In the unintentional sin offerings, both the kohen’s and nation’s bull (called a par, not a bakar) represents a generic national identity. If the kohanim sin, there is a loss to Jewish distinction. The nation uses a young bull (which is less restrained) to represents a people without the stability of the kohanim. A leader uses a male goat, which consistently represents the Jewish people. The people are damaged by the leader’s sins. In a way, the leader’s sin represents a misguiding of their own will. Finally, individual people use female goats or sheep for their unintentional sins. Sheep and goats both represent a form of independence. Goats challenge enclosures and rules. And shepherds (see Yaakov) are the most mobile and independent of people. Offering these animals is offering one’s independence or rebelliousness.
A kohen or a leader or the people as a whole might willfully cover or protect against their sins through an offering. In that way their sin offering can be ‘willing’ and male. But the individual doesn’t have this option – they must bring this offering. This is not a ‘willing’ offering and I believe that is reinforced by giving only female animals.
In all the unintentional sin offerings, choice parts are burned but the rest is disposed of outside the camp.
The choice parts of kidneys, liver, and fats have distinct representation. The kidneys and liver (among other functions) protect against toxins in the blood and clean out dead cells – they ensure a physiological form of tahor (purity) in the connective life force of blood.
There is one more item listed, though. It is sometimes translated as diaphragm and sometimes as ‘lobe.’ It is described as being ‘above the liver.’ I don’t really know what it is. Some commentaries refer to a caul above the liver, some call it a diaphragm. The actual organ or piece would influence its symbolic meaning – so if anybody listening can edumate me, I can try to piece it together. The root of the word, Yoter, is used to mean left over or remaining.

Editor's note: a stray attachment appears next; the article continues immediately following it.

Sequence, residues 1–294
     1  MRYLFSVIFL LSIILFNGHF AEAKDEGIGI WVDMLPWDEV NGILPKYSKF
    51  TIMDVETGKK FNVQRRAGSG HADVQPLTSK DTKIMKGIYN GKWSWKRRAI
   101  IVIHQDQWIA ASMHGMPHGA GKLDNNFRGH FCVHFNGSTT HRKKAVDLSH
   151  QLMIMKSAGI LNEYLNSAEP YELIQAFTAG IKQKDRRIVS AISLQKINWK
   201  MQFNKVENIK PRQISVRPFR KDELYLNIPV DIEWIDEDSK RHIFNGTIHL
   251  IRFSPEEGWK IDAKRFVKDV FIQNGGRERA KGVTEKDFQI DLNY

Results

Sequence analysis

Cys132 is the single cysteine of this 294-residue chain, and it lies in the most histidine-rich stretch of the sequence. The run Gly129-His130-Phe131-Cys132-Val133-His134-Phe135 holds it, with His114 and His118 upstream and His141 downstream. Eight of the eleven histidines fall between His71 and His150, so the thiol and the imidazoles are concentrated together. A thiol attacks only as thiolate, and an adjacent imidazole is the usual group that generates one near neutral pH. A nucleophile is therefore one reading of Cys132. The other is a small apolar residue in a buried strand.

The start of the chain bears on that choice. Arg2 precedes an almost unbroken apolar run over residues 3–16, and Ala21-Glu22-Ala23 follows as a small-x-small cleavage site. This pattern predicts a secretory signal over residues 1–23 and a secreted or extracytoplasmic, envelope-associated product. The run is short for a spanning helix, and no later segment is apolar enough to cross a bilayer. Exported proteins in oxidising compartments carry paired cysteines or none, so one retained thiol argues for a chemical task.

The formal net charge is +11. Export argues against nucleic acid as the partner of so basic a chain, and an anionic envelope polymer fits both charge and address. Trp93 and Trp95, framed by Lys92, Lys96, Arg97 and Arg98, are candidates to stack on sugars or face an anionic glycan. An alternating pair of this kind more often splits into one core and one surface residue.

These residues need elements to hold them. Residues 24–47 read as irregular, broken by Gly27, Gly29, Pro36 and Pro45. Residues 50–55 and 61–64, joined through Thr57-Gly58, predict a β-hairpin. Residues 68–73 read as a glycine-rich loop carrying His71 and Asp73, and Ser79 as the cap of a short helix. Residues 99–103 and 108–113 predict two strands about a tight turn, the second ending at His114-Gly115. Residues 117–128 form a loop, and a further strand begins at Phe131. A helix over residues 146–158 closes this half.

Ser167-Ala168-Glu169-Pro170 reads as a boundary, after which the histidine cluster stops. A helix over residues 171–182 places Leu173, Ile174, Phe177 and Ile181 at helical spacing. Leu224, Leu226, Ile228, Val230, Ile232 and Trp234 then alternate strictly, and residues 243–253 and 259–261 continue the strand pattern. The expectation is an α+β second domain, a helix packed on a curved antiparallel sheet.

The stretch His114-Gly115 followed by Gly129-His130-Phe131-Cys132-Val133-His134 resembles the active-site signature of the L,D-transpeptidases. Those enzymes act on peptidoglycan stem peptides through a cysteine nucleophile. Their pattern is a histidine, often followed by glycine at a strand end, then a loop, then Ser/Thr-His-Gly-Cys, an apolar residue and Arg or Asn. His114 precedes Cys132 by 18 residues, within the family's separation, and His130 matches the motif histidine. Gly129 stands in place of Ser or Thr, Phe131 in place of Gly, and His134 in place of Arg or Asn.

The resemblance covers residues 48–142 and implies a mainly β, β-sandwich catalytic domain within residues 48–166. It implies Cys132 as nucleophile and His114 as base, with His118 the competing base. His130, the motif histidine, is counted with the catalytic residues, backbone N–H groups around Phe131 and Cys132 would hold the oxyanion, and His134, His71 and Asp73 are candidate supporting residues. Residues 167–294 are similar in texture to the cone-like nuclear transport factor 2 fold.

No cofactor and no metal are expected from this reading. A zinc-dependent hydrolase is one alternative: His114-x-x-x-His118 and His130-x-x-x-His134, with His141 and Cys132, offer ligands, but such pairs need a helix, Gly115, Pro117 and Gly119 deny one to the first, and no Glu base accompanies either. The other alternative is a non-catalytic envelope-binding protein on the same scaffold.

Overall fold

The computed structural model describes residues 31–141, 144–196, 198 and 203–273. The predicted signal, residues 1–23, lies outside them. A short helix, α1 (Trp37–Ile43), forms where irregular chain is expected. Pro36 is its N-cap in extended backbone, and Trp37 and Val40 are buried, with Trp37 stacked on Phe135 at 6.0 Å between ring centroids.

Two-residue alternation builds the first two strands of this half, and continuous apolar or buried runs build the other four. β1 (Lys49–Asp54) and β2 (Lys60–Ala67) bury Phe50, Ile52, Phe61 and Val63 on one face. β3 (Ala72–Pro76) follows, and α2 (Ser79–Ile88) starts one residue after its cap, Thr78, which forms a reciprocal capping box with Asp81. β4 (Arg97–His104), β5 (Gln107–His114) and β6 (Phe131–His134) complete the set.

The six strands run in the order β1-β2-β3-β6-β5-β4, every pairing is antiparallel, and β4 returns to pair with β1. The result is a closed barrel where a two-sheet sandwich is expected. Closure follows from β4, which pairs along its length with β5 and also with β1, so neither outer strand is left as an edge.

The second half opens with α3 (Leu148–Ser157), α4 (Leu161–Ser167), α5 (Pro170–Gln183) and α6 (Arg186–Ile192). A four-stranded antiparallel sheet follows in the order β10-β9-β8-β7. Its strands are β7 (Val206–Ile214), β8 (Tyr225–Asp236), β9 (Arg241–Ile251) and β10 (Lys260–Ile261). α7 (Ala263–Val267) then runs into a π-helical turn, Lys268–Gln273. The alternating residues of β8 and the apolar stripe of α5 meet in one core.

If I were to reverse engineer a function, it would go like this: There is purity in the kidneys and liver. There is holiness in the fats. What is missing? An offering has to be pure and connected to timelessness. But it also has to be dedicated and made distinct. We need to make the effort. If this is a diaphragm, it separates key organs – representing distinction. And if this is just a little something extra, then it represents dedication.
These are the parts that are burned. They are offered to Hashem. But other parts are disposed of.
I think this represents the unintentional sinner who brings an offering. There is a loss – represented by the disposal of much of the body – but that spiritual core of purity, holiness and dedication (or distinction) – can still be offered up to Hashem.
Throughout all these initial offering types, each animal is kept distinct – even if the offerings are nearly identical. Each type of animal has a totally distinct kind of nefesh (animating soul). By giving each species its own ink, we represent and recognize these distinctions.